There’s been a lot of criticism of Obama’s Afghanistan drawdown plan, from those who say it’s not enough to those who complain he’s bringing too many soldiers back too fast.

I think this means that he got it just right.

For weeks he has been dogged by a comment from an aide, reported in The New Yorker, that he was “leading from behind.” With the administration’s slow response to the Arab Spring, and by stepping back from a lead role in the Libya bombings, it looked like caution was the hallmark of the Obama “doctrine.”

But on Wednesday night, Obama demonstrated a boldness that has been lacking in his foreign policy choices. He revisited the goals of the Afghan military campaign in his 2009 speech at West Point, when he first announced the “surge,” and reminded us that above all he is a pragmatist: “We must be as pragmatic as we are passionate; as strategic as we are resolute.”

So saying, he put the military in its place by deciding on a swifter withdrawal of the 30,000 “surge” troops than his generals had recommended. Gen. David Petraeus was overruled. But the Afghanistan commander will still have 70,000 American troops in place once the additional soldiers dispatched last year have returned home.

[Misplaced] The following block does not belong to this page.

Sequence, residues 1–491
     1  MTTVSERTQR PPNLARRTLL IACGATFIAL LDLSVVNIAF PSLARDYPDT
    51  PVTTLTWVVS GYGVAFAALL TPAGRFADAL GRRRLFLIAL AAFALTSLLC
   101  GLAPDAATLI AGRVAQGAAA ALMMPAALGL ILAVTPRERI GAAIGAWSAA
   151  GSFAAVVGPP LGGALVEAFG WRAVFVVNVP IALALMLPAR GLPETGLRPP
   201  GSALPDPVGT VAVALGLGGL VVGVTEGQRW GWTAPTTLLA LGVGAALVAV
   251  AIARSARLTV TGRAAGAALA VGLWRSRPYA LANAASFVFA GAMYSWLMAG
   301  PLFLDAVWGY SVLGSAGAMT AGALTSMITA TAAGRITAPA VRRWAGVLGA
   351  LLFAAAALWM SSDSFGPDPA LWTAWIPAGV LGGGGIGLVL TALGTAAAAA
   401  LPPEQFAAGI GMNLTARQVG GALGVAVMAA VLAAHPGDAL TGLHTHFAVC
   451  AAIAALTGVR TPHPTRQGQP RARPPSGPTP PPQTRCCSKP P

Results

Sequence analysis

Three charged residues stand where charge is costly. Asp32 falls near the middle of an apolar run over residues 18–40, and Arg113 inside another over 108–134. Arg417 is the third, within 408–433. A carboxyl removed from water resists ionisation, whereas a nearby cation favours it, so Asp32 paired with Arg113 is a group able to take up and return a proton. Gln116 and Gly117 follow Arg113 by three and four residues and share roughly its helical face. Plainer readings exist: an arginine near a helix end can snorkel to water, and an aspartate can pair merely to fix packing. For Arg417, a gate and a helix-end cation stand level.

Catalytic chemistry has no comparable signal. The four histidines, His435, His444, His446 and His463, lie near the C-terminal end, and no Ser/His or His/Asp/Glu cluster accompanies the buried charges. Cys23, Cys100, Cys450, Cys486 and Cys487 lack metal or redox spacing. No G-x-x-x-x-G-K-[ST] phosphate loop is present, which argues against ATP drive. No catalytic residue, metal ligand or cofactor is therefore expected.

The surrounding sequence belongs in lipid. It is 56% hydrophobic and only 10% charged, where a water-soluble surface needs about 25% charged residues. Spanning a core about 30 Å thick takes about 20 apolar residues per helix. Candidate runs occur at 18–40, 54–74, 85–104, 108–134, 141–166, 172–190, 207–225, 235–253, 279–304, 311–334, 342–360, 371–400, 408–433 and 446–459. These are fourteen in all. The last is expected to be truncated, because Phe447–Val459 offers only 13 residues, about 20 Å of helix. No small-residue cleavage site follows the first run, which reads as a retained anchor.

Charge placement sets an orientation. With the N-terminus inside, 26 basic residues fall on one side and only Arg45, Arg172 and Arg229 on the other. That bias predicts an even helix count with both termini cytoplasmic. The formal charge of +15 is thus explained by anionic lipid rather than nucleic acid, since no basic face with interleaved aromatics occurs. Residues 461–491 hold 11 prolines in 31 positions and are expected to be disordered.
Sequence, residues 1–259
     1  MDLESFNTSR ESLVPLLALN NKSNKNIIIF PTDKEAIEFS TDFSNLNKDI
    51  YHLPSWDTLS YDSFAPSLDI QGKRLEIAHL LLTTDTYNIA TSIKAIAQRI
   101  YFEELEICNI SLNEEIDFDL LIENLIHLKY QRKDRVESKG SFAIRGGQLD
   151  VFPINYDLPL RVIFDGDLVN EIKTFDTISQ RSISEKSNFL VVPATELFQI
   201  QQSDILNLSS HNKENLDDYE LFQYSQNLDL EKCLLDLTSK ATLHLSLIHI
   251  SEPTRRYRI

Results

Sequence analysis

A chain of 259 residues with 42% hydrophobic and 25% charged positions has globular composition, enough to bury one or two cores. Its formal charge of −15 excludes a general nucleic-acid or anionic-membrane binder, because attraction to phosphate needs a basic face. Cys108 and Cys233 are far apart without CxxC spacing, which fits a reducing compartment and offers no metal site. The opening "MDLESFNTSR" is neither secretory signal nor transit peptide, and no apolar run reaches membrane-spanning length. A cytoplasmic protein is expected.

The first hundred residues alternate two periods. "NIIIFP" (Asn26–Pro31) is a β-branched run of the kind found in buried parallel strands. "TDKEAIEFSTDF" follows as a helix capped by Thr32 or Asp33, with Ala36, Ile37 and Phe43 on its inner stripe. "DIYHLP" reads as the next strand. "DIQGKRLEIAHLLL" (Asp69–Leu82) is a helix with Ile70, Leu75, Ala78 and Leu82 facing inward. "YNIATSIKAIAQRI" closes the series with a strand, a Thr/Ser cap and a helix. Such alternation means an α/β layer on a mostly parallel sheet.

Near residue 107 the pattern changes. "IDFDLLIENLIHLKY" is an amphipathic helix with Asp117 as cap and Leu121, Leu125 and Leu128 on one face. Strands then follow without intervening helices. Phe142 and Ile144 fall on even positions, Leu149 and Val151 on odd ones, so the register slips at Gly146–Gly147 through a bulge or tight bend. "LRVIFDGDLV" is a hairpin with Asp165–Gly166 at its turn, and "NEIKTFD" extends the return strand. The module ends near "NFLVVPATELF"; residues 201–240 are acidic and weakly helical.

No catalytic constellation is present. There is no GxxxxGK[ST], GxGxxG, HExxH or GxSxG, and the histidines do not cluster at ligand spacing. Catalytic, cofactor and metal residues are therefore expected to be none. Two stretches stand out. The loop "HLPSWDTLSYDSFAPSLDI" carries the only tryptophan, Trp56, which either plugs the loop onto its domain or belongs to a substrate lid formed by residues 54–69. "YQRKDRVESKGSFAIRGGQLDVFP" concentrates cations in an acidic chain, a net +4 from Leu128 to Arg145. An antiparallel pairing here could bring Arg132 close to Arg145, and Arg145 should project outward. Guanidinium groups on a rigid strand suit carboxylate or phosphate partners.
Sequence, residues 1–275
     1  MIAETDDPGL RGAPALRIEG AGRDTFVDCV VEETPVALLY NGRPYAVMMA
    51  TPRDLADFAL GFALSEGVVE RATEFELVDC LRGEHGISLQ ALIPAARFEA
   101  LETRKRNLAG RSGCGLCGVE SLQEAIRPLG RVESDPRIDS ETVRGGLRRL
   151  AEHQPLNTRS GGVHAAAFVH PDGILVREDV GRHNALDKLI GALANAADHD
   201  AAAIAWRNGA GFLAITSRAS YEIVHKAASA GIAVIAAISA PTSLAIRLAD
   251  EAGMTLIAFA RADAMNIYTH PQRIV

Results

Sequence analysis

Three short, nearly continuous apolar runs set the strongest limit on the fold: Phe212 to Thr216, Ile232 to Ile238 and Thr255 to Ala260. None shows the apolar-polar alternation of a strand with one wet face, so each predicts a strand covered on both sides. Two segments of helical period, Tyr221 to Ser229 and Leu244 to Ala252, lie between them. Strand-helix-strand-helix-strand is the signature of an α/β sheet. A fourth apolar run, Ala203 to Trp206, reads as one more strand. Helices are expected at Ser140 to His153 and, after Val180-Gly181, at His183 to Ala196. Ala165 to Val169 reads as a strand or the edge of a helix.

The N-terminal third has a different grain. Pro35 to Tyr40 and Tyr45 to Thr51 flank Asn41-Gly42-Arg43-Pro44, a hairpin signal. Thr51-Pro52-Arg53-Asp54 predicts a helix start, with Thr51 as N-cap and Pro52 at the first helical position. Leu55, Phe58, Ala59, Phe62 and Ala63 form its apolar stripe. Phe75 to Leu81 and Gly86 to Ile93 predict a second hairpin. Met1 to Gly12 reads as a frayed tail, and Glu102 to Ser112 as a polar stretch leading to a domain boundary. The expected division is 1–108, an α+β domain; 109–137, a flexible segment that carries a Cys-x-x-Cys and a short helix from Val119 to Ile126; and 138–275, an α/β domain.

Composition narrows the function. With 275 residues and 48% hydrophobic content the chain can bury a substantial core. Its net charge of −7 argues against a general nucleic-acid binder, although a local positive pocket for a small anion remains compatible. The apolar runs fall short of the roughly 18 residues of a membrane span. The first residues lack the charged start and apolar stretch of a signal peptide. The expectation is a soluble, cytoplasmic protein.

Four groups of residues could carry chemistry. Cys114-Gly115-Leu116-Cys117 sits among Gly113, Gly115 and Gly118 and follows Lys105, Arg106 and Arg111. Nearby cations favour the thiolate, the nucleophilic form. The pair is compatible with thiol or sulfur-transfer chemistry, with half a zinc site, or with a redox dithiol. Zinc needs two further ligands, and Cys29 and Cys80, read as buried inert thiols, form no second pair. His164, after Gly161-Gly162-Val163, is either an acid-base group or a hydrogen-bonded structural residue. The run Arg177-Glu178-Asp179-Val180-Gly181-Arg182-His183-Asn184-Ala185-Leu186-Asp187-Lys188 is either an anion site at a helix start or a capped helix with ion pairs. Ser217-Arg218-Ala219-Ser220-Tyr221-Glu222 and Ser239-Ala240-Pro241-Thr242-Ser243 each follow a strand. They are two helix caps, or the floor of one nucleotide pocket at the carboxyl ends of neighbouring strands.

There cannot be a military solution to the Afghan conflict. The French, Germans and British are expected to speed up the withdrawal of their own troops from Afghanistan in light of the Obama announcement. As for the dire warnings about the risks of an accelerated drawdown, the Taliban can outwait the U.S. troops’ departure whether they leave now or in 2014.

Obama must know that ultimately, a lasting solution can only be found in the corridors of diplomacy. In December in Bonn, Afghanistan’s neighbors will gather 10 years after anointing Hamid Karzai as the head of the interim government, to discuss the way forward. Afghanistan’s stability depends on their good will.

But also, let’s not forget that the commander in chief is running for reelection. I believe that through his compromise troop withdrawal he stands a better chance of winning a second term. Nation-building does indeed begin at home.